Sir — The strike by junior doctors of government hospitals will only worsen matters. The government needs to do something to restore discipline and work culture, or else Calcuttans will go to Chennai and Bangalore for their medical needs instead. With good private hospitals coming up all over, very soon even ordinary citizens will prefer these instead of going to government ones to save a few bucks.

Yours faithfully,
T.R. Anand, Calcutta

Sir — An MBBS student is generally a young person from a respectable family, with a good academic record. If he is suddenly branded a troublemaker and his picture splashed all over the newspapers, something is certainly wrong somewhere. A young doctor has a tough schedule of 8-10 hours in college in addition to 12-18 hours in the wards, where he has to learn to deal with the ecstasy of birth as well as the shock of death. Interns are busy at work while the rest of the city may be busy celebrating the pujas. Journalists’ urge to search for the truth must be respected, but the job of a doctor is not easy, since even a single mistake can turn fatal.

Yours faithfully,
Soumendranarayan Maitra, Calcutta

Sir — Ashok V. Desai was on the right track until he became anxious to provide a solution (“Incongruent expectations”, Nov 4). His diagnosis was right but his medicines were not. The public may expect services in government hospitals to improve in some distant future, but they do not suffer from any illusion that the state government will delegate powers to a non-political person to function independently. Let the different tribes of cats rule the hospitals in West Bengal with the mice at the helm.

Yours faithfully,
Sekhar Basu Mallik, Calcutta

Sir — Healthcare provisions were never commensurate with the needs of the state. With the number of people requiring its services increasing manifold, the infrastructure has not kept pace. This has made the job of doctors more complicated. Corruption and negligence have always been there, but their extent has increased enormously. This is primarily owing to the increase in the power of the unions who protect their members without any consideration for patients, much less dedication to duty and discipline.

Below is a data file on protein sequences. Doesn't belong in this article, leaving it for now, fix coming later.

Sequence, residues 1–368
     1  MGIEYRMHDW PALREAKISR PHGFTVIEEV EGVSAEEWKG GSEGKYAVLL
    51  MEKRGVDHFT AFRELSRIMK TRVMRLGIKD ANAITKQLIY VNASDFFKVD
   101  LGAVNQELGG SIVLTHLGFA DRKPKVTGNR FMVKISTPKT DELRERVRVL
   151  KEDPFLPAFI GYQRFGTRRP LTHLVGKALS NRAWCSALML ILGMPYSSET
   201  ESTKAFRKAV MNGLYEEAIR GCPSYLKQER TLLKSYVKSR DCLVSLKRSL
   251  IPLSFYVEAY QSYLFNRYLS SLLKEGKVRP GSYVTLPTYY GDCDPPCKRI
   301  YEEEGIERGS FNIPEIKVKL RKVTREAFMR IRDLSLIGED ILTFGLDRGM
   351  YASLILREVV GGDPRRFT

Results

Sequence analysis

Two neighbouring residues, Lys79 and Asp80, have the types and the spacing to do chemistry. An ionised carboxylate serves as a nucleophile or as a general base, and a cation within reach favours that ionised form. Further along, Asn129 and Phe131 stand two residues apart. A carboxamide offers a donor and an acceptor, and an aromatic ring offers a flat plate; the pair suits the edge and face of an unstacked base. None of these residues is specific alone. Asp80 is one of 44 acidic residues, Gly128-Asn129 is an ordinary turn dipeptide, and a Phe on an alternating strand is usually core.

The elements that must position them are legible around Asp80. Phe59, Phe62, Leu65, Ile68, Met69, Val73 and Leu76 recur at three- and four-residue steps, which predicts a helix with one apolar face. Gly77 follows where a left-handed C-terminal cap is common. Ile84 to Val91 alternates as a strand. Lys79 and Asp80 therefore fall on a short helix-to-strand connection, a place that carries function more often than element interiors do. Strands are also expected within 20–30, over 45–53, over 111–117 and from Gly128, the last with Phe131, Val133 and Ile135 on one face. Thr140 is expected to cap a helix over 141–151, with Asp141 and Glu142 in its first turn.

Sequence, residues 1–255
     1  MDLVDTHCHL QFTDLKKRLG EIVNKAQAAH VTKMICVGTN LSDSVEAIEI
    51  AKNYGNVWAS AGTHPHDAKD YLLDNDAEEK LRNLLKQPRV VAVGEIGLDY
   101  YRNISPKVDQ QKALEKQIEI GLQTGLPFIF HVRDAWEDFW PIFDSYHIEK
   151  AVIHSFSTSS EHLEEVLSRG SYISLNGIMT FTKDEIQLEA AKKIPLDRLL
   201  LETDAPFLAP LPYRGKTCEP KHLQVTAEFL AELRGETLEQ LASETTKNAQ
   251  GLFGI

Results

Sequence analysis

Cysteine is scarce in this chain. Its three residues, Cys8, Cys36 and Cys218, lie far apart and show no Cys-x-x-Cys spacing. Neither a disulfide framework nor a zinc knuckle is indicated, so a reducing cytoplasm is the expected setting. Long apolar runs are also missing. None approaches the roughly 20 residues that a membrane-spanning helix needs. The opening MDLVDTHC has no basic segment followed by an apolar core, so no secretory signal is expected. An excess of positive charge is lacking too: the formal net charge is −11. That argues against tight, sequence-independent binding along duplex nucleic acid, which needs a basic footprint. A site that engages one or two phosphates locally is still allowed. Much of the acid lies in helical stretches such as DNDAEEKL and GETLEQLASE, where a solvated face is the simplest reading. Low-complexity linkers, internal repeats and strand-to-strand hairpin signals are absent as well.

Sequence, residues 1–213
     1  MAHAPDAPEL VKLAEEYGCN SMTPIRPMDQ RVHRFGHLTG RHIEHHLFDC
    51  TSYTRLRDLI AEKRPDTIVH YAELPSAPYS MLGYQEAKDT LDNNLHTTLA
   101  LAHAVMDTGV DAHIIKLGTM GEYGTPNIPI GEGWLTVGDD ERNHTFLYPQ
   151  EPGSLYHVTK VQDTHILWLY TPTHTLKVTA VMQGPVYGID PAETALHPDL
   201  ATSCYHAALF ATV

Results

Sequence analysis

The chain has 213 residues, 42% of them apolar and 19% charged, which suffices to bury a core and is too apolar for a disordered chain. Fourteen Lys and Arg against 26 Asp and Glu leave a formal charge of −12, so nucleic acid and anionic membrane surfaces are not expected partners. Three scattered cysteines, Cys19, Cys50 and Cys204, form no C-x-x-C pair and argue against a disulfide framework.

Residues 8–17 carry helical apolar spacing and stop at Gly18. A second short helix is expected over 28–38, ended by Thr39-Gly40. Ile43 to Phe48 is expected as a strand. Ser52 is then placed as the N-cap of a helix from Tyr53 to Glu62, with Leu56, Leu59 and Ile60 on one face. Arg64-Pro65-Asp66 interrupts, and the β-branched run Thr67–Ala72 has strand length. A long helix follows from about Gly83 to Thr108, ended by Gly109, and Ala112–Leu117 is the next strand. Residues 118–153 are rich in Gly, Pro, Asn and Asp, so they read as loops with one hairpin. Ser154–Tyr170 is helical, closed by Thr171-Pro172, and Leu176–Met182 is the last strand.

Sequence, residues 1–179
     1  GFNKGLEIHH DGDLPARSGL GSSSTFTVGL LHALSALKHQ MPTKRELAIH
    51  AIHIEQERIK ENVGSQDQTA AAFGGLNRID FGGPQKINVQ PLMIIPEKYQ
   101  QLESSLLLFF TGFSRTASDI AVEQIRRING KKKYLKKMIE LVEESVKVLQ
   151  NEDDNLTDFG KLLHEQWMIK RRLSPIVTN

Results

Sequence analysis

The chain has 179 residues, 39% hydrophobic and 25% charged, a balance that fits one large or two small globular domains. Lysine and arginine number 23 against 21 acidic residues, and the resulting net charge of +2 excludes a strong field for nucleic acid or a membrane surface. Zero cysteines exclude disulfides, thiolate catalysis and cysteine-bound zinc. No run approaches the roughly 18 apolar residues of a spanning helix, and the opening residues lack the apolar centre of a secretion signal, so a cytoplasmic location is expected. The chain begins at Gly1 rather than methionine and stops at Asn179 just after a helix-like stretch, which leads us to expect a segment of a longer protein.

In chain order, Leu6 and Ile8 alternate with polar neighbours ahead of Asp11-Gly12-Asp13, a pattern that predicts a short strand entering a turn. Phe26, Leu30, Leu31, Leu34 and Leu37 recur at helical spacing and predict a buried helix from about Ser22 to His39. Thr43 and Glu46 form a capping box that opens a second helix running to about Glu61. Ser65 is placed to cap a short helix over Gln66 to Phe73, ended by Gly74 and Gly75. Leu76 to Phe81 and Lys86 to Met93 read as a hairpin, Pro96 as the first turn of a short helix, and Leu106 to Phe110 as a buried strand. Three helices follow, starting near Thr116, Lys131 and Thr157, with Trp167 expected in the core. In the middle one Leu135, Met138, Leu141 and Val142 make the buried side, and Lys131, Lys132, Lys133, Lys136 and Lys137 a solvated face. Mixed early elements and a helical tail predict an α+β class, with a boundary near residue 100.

The government does not desire any change in health services — the only solution in the present impasse — or it would not have slumbered for the last 26 years. But now the callous administration is having to reckon with an expose by the media — hence the attack on mediapersons.

Yours faithfully,
Asit Kumar Mitra, Calcutta

Sir — It is unfortunate that the medical fraternity is being victimized by the media to meet its narrow end of increasing circulation by serving spiced-up stories. Does the media ever care for the poor doctors who provide indispensable services — at times for 24 to 48 hrs at a stretch and under terrible conditions? Did the media highlight the fact that the chaos at the R.G. Kar Hospital on Saturday started with a lone house-staff being rounded up by 50 of a patients’ relatives and that he could have sustained grave injuries had he not been rescued by colleagues and friends. Do you expect the junior doctors to still feel benevolent when they get such mortifying behaviour in return?

Yours faithfully,
S. Ganguly, via email